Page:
Analysis: Brazil Ethanol Returns to US as Biofuel Rules Pave Way
by Reese Ewing (Reuters) Brazilian ethanol is rushing back into the United States after a three-year ebb, drawn less by the severe drought that has inflated corn costs than by biofuel regulations that could more than triple next year’s shipments.
Even as corn prices shot to record highs above $8 a bushel while sugar futures languished at near two-year lows of 19 cents per lb, Brazil’s sugar-based ethanol production was still more costly than U.S. corn-based domestic supply, traders say.
Brazilian ethanol is competitive in the U.S. market, thanks only to credits from the U.S. Environmental Protection Agency, which requires that fuel companies use 500 million gallons (1.9 billion liters) of so-called advanced biofuels to blend into gasoline this year. The EPA recognized Brazilian ethanol as advanced in February 2010.
… Without that subsidy, Brazilian ethanol now arriving in New York Harbor at $2.98 per gallon would not compete with U.S. corn-based ethanol at $2.60 per gallon, traders say.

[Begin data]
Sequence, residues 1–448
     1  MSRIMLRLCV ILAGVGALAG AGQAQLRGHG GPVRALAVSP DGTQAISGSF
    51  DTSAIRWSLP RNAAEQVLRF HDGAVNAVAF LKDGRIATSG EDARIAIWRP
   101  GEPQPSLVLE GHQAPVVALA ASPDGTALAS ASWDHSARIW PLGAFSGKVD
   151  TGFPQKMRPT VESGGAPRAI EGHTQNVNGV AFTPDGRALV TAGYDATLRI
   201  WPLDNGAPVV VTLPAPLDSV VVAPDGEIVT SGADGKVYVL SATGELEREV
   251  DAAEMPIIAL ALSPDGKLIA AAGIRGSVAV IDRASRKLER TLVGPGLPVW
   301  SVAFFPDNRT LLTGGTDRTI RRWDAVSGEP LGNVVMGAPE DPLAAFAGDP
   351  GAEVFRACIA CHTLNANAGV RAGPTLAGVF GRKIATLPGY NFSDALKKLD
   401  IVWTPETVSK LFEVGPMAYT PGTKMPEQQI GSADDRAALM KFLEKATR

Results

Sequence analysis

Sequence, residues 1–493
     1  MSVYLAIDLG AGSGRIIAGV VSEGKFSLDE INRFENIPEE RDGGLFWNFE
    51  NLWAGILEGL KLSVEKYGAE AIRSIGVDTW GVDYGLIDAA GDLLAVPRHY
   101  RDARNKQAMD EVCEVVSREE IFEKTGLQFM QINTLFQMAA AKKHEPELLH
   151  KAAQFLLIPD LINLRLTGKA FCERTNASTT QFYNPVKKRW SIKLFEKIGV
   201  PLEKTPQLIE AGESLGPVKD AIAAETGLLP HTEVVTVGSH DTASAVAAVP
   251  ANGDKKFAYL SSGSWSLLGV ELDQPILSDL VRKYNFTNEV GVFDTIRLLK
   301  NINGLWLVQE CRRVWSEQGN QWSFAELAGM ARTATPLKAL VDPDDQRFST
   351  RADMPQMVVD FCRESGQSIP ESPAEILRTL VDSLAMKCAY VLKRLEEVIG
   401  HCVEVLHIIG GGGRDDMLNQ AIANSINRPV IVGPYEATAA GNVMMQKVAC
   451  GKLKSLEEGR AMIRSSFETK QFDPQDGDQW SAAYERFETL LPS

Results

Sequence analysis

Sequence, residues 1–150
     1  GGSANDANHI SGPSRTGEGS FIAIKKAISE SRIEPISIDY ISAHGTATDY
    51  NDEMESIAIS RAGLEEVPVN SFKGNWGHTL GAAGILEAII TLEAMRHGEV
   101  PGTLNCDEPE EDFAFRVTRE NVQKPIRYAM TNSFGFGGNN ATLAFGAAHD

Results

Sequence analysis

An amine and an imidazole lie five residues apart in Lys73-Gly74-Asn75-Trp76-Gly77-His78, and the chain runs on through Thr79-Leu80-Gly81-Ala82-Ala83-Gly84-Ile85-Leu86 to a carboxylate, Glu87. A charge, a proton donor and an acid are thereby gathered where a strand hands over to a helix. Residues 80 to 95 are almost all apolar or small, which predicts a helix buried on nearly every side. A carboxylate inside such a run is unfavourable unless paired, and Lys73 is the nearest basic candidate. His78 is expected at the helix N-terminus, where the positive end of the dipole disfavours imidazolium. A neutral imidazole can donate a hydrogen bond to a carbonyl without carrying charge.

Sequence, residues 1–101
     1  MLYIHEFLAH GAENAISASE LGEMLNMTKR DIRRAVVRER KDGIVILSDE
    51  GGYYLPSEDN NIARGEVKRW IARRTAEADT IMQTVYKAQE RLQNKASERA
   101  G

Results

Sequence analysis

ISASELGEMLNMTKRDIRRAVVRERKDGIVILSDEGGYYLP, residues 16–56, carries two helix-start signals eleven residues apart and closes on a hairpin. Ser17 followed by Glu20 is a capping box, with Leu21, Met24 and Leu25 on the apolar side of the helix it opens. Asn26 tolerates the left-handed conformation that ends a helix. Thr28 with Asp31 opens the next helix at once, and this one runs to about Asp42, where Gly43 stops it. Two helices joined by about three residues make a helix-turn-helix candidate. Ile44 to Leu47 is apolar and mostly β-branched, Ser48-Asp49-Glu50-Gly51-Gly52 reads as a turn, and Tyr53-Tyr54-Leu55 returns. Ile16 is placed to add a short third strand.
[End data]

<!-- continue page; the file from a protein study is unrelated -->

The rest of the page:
The cost of U.S. corn-based ethanol will need to rise further to make Brazilian ethanol competitive if RINs weaken.
…Brazil cannot fully meet its domestic demand at present due to drought and poor investment in its cane belt. The government reduced the blend of anhydrous ethanol in gasoline almost a year ago from 25 percent to the current 20 percent. And officials are keen to raise the blend again as soon as they deem supplies sufficient to support local demand without stoking inflation.
Moreover, the country imported 1.2 billion liters (320,000 gallons) of U.S. corn-based ethanol in 2011 to supplement domestic demand for the fuel, but that trade dried up after the drought ravaged the North American corn crop. READ MORE